I am the founding director of POLIS, the journalism and society think-tank at the London School of Economics’ Media and Communications Department.
I am the author of one book about networked journalism called ‘SuperMedia’ (Blackwell) and another about the significance of ‘WikiLeaks: News In The Networked Era’ (Polity).
This blog is a chance for me to highlight our events and research and to air my opinions on the relationship between journalists and the society they report on. It also features Guest-bloggers.
If you are a journalist, a student, academic or someone who cares about journalism and the effect it has, then I hope you will read and respond to what we put on here.
Click on the links on the front page that will take you through to the full Polis website or you can go to the website for the The London School of Economics Click on the Teaching link on the front page for more information on that. Click here to get information about the POLIS Summer School .
The public face of Polis is our programme of lectures, seminars, research and events. We bring significant and controversial figures from the media to talk about their role in society. We get important public figures to talk about what they think about the way that the media deals with the world. And then we will get them to talk to each other! Click on the events link to get more information about that.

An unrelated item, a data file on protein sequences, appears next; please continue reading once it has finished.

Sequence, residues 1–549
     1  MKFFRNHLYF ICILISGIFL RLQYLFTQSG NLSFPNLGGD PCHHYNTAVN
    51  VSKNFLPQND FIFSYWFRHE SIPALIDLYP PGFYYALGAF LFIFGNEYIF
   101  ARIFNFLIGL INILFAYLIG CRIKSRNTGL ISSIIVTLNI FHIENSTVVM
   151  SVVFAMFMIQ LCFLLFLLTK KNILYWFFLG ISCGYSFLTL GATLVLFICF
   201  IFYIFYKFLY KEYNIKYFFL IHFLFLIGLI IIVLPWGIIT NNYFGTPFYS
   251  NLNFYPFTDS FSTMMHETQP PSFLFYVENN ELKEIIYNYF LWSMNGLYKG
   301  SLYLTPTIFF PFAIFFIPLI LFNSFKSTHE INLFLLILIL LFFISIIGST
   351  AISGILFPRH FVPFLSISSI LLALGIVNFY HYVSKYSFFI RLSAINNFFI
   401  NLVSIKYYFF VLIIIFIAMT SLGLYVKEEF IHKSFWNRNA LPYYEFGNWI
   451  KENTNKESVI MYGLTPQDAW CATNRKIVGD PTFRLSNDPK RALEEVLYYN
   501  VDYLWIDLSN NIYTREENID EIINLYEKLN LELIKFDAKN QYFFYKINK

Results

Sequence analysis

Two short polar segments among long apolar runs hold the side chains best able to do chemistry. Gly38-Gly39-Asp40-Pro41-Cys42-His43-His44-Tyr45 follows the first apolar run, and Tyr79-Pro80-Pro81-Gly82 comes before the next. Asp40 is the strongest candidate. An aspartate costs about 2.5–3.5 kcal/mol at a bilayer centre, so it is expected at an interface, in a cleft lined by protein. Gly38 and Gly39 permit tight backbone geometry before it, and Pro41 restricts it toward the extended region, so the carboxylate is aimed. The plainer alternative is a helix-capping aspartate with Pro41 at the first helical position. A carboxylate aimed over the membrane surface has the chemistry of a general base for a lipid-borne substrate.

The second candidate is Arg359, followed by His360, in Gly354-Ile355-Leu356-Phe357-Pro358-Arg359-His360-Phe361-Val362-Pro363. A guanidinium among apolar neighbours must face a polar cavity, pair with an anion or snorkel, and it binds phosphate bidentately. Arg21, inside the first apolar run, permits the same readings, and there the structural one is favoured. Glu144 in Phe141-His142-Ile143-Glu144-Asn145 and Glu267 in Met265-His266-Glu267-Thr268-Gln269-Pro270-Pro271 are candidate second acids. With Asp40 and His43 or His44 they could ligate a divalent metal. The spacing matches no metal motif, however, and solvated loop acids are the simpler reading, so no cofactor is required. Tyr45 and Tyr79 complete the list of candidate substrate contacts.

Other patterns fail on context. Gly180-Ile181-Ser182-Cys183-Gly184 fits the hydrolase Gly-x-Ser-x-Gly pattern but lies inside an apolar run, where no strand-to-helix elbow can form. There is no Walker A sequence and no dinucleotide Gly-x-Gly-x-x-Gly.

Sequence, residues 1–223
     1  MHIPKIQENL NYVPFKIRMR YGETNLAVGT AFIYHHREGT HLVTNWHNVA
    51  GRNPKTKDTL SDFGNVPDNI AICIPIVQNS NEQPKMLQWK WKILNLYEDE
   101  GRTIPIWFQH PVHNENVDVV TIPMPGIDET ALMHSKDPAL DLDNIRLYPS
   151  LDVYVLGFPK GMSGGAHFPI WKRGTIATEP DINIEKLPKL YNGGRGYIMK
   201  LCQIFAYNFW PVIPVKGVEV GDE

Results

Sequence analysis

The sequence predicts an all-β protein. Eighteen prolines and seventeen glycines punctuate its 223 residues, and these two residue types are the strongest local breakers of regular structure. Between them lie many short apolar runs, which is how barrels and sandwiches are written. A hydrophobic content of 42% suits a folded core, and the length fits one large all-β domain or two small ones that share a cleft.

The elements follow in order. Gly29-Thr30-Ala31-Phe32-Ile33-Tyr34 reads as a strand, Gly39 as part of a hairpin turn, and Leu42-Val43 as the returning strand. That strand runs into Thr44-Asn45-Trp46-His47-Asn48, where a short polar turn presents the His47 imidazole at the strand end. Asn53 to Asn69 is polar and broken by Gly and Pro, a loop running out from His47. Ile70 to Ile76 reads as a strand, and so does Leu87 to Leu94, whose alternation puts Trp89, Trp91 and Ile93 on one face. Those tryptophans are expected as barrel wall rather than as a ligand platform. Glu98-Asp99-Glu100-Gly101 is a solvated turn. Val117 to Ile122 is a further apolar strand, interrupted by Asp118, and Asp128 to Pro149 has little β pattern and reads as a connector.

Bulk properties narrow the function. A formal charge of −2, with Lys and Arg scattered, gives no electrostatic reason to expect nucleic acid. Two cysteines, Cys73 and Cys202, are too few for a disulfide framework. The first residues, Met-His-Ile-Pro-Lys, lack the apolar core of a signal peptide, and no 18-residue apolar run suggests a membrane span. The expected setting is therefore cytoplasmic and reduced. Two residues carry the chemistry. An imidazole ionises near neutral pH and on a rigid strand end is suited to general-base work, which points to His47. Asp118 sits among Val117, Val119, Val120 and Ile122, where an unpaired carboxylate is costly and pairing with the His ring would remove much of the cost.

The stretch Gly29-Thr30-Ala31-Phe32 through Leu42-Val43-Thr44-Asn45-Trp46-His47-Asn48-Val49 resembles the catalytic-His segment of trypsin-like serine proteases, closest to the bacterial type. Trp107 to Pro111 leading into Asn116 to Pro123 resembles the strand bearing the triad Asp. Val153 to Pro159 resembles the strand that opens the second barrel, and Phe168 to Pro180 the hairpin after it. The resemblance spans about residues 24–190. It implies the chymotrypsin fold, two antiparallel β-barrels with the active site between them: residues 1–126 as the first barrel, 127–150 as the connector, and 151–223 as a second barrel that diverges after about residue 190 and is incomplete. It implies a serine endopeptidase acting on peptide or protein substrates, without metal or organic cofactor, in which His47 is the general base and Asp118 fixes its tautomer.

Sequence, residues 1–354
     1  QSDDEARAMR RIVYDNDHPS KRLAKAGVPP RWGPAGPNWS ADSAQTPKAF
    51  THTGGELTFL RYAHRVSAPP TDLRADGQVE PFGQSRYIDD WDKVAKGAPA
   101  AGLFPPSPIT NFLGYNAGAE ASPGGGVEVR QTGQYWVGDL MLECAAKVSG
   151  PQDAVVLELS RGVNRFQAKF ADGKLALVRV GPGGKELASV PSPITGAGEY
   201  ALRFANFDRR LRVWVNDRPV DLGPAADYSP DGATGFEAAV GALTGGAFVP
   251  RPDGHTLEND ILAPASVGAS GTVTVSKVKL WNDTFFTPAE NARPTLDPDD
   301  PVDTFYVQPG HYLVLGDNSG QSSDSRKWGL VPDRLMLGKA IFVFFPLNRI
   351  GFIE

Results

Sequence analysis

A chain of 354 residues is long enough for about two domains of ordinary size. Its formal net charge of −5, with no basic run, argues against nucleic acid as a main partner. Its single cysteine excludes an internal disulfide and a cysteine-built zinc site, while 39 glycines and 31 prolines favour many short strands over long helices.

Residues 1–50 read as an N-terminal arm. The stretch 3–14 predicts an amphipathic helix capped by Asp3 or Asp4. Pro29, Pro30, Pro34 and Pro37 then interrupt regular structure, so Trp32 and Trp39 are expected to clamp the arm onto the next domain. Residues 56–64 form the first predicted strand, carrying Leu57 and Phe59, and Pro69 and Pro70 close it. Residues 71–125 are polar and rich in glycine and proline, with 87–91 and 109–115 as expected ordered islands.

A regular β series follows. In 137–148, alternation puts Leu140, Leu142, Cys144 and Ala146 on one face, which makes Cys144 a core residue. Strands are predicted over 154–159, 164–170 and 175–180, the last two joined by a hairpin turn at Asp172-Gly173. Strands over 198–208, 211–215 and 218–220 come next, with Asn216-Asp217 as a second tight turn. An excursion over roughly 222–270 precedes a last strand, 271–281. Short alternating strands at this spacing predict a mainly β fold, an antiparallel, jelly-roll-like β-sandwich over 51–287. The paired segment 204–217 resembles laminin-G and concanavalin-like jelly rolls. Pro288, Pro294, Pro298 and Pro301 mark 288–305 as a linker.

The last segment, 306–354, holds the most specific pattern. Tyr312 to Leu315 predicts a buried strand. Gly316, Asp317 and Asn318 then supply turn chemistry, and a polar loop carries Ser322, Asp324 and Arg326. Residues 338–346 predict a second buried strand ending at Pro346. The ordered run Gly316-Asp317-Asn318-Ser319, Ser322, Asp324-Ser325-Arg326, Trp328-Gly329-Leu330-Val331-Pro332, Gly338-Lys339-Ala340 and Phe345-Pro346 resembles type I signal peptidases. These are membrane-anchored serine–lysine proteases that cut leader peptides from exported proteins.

I spent 20 years working for some of the best news and current affairs programmes at the BBC, LWT and Channel 4 News at ITN. I went in to journalism because I think that it matters how our world is reported. With all the technological and commercial changes in journalism and all the social, environmental and political changes in society, I think that journalism matters even more now.
If you care – get in touch and join the Polis debate. Email me at firstname.lastname@example.org or follow me on Twitter as @charliebeckett
There is also a POLIS Facebook page.
We want this blog to be a civilised place. I am in the fortunate position of not having to chase traffic. Instead we are looking to create a space for thoughtful interaction. I enjoy robust debate. I try not to be provocative for the sake of it, but if you disagree with what we write then I am more than happy to allow comments.
However, I do not allow comments that are personal attacks, personally rude, that are plugging products, or that are racist or sexist. I don’t like swearing either. In practice this means that one in a hundred comments are not allowed. It’s my blog and if you want to rant then create your own blog or go off to Comment Is Free.